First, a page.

About Paul Horn

Paul Horn

Paul Horn is a great artist. Musician, teacher, traveler, father and… he is just human like all of us. He burns, he cools, he’s young, he’s old. But, from the start, he found his voice. He uses his instrument to open a window for us to see through his eyes and hear with his heart.

I’ve known Paul for most of my adult life and I always see the same person, hear the same voice whether he’s talking to a thousand people or one. I see pictures from his career in his twenties, in his fifties and now in whatever timeless age he is. I see the same man. I hear the same compassion, patience and peacefulness.

Above all, we talk about presence, just being there, just showing up. When you are open to an experience, when you are truly present in the moment, an amazing world unveils itself. Everything just appears, nothing is preconceived by yourself, you are constantly standing at the beginning.

You know, music is like that sometimes. Nobody knows what the next note will be, why the next note happens or when. I’m not talking about jazz or improvisation or the most strict classical arrangement. I’m talking about the moment itself as it happens, all that it might be, music as a metaphor for life.

Paul said in a film once, resting for a moment in the highlands of Tibet: “You hear that stillness…? I mean, it’s silence… but it’s filled with potential.”

What is peace, if it’s not stillness, silence, awareness and possibility. It takes respect for something outside of yourself to recognize it.

Respect… I can’t imagine a more important word for how I want to describe Paul to you. He respects the world he lives in and he respects you, the person he knows well or has never met. He respects your soul, whether you think you have one or not… your faith, whether you have it or not. I’ve heard him talk about God but I really don’t know whose God he means. I guess that means that he doesn’t claim God as his own or tell you what you should believe. In fact, I don’t remember him preaching much of anything to me.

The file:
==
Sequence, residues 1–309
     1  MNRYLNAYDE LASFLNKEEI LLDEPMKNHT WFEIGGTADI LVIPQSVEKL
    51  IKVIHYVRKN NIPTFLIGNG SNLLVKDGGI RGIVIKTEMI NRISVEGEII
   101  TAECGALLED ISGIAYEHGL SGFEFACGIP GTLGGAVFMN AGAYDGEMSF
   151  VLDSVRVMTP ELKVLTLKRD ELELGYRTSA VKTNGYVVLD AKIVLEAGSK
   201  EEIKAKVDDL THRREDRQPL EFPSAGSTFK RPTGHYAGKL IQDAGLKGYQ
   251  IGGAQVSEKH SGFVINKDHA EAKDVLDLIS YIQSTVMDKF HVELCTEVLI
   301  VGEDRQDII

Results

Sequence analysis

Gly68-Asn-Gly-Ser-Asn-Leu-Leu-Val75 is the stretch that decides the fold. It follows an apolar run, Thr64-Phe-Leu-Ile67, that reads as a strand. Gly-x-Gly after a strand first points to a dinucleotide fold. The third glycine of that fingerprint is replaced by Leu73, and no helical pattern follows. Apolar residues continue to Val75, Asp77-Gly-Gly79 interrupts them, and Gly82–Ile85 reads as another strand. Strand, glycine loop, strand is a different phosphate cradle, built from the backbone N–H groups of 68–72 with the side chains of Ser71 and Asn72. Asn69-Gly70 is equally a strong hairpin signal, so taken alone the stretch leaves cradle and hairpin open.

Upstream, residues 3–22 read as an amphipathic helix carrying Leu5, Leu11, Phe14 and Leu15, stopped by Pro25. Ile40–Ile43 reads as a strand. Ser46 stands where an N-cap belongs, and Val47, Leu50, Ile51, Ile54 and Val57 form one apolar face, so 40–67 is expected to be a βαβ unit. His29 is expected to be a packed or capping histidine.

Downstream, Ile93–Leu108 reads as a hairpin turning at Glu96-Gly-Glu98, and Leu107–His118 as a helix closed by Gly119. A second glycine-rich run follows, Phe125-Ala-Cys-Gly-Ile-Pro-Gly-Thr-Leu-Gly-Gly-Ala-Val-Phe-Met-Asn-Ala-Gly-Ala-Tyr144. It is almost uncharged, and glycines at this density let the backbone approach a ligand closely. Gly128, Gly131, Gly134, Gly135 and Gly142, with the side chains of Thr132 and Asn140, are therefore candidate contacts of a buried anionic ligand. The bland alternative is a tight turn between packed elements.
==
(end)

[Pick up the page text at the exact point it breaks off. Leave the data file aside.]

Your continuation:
Like the best kind of teacher, he lives his beliefs and shares everything and yet nothing that you don’t realize for yourself. One time, on a trip to Nepal, we had a fellow traveler that probably saw himself as some sort of guide. He pointed everywhere and described and translated and “opened our eyes” to everything around us. Well, this is not what happens in a life around Paul.

But, in fact, Paul is a guide to so many people. You do look everywhere. You describe, you translate, you open your eyes. You hear everything and Paul has done nothing but open the door.

So, this is what I feel in our musical life together.

Honesty. Paul plays what he feels. He has a singular expression that is never distracted or compromised by the era or genre that is attributed to him.

History? Yes, but only a history of moments like this one now. His will stand for centuries in my opinion. He is a legend and is treated like one, but being called “legend” is the only thing that I’ve ever seen that causes him to roll his eyes.

Peace. Surely, always. Paul is at peace with his mind, even when he’s witness to a world of war and suffering.

Respect. I keep coming back to respect. It means selflessness, compassion and openness.

I’m just one of many musicians to create with Paul, I think you can tell that I feel honored to be among them.

Christopher Hedge

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